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04-02-2014, 09:22 PM   #1
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## limiting factor of switch

What is the limiting factor of an electric switch? Amps, or watts? Situation: I can get a 250V, 20A toggle switch, STDP, that I'd like to use for a 12 or 24 V system. Am I limited to 20A even at 24V, or could the switch conceivably handle more amperage (ie, 200) at the reduced voltage? Thanks.

04-02-2014, 09:30 PM   #2
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THAT is actually a very good question.

A lot of factors go into a switch....AC vs DC, voltage and current.

For the most part....wattage is NOT a factor.

If you look at a switch, it should have specs for both AC and DC. In most cases, the DC current rating will be higher...most cases....but depends heavily on the contact material.

With DC, if your going to control a relay....you really need to make sure you put a diode across the relay coil to suppress the inductive kick. Otherwise, your switch has to absorb it...and that will shorten it's life quickly.

Additionally, voltage is also a big factor. A switch rated for 480 Vac is quite a bit different than one for 120 or 240Vac.

At the end of the day, it's pretty simple. Look at the spec's for the switch.

Edit....re-read your post......don't even think of trying to put 200a DC across that switch. Once again, it depends on what your load is. Inductive is worse than resistive. Case in point...the starter solenoid for your car starter (resistive and inductive).

May I suggest some reading.....Read up on Edison and Tesla.....history tends to put Edison on a pedestal....but in reality...it's a good thing Tesla came along.....

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Last edited by ddawg16; 04-02-2014 at 09:36 PM.

 04-02-2014, 09:56 PM #3 Member   Join Date: Dec 2008 Location: Fairbanks, AK Posts: 1,893 Rewards Points: 1,092 thanks. i've been reading a bit, and the mechanics of the switch is also important. 12V switches tend to (or do) have wipers to make contact instead of a knife and ham setup (my analogy). i will definitely get a 12V switch of the proper amperage and bag the idea of using a 120V one.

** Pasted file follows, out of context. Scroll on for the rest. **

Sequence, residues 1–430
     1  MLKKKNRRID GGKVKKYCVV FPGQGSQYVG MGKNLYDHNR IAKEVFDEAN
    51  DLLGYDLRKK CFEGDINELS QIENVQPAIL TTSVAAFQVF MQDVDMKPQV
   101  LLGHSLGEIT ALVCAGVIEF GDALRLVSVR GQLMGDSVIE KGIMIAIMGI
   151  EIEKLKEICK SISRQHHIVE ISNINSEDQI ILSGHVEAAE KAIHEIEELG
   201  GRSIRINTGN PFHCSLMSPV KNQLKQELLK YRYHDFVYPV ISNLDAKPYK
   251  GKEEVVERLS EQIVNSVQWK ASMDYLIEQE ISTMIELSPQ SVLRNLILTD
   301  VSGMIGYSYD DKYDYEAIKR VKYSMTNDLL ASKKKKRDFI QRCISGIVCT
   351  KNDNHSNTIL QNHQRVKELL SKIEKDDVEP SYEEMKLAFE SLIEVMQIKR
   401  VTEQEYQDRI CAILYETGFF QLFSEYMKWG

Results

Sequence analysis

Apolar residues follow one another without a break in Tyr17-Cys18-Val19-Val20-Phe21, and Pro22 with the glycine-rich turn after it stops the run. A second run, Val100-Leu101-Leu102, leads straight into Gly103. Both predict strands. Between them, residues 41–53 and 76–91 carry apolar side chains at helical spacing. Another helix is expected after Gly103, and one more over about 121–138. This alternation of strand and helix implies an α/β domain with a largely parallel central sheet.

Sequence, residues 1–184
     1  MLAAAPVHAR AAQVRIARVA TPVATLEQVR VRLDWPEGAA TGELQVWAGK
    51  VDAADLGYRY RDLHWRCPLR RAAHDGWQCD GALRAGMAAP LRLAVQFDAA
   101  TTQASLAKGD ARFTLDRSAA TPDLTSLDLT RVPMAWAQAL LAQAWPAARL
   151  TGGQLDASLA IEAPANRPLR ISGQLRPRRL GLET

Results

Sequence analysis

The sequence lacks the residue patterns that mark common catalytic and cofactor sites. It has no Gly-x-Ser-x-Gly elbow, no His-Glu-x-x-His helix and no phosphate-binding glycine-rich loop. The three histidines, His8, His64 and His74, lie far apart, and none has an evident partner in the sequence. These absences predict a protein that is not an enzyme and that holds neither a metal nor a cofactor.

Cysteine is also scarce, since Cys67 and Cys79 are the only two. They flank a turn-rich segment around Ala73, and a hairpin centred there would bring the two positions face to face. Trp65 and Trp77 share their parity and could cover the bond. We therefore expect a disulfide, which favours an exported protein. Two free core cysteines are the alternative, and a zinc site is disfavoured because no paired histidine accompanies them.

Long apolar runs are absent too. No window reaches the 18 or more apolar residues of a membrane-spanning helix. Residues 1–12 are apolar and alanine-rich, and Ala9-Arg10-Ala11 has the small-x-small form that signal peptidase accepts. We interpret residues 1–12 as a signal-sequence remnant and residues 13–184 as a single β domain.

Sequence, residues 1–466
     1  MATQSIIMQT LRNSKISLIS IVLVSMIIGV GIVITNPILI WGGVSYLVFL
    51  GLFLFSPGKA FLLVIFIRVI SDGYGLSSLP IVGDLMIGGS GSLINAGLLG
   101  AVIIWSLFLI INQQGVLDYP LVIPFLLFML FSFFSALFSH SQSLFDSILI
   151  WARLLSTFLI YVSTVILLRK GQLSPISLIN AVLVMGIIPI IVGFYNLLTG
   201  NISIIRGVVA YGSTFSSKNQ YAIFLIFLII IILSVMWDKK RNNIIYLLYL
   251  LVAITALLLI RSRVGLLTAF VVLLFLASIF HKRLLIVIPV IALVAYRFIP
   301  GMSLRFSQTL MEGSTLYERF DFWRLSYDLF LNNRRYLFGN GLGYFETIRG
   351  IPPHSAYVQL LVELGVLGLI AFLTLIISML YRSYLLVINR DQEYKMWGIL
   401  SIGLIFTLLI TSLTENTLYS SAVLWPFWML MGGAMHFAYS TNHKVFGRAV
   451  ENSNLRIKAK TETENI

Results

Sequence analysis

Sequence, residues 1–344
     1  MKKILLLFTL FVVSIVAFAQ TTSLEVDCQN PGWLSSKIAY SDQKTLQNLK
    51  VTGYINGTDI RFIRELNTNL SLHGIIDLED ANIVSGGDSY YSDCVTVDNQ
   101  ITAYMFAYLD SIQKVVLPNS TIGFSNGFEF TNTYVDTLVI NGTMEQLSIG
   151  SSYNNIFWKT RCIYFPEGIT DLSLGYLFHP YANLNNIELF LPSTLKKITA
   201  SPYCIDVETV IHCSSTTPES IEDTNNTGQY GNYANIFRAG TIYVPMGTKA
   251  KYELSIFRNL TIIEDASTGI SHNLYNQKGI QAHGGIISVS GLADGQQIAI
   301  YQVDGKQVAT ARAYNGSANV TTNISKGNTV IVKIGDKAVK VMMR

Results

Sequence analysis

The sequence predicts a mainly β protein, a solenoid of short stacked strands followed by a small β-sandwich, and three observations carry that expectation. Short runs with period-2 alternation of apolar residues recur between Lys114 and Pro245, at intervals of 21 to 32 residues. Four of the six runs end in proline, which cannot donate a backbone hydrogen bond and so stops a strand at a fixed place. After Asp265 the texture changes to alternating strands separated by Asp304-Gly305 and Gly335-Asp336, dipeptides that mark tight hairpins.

04-02-2014, 10:06 PM   #4
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Quote:
 Originally Posted by jklingel thanks. i've been reading a bit, and the mechanics of the switch is also important. 12V switches tend to (or do) have wipers to make contact instead of a knife and ham setup (my analogy). i will definitely get a 12V switch of the proper amperage and bag the idea of using a 120V one.
You should see a 2000A draw out contactor.......
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04-03-2014, 01:14 AM   #5
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Quote:
 Originally Posted by ddawg16 You should see a 2000A draw out contactor.......
I googled it; pretty impressive.

04-03-2014, 05:43 AM   #6
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Quote:
 Originally Posted by jklingel What is the limiting factor of an electric switch? Amps, or watts? Situation: I can get a 250V, 20A toggle switch, STDP, that I'd like to use for a 12 or 24 V system. Am I limited to 20A even at 24V, or could the switch conceivably handle more amperage (ie, 200) at the reduced voltage? Thanks.

The DC rating of an AC switch is only a small portion of its AC rating !
Do not use an AC switch on DC, especially if its a large load.
The internal arcing at switch off, will very quickly destroy the switch !
Best to use a switch designed for DC operation !

A switch designed for 20A AC will handle only 1 or 2A at DC!

FACTOID !

 04-03-2014, 01:00 PM #7 Member   Join Date: Dec 2008 Location: Fairbanks, AK Posts: 1,893 Rewards Points: 1,092 Thanks. I did not know that. FYI, however, I see a common mis-use of "factoid"; I learned this the hard way, from some students. Embarrassing.... "A factoid is a questionable or spurious (unverified, false, or fabricated) statement presented as a fact, but without supporting evidence."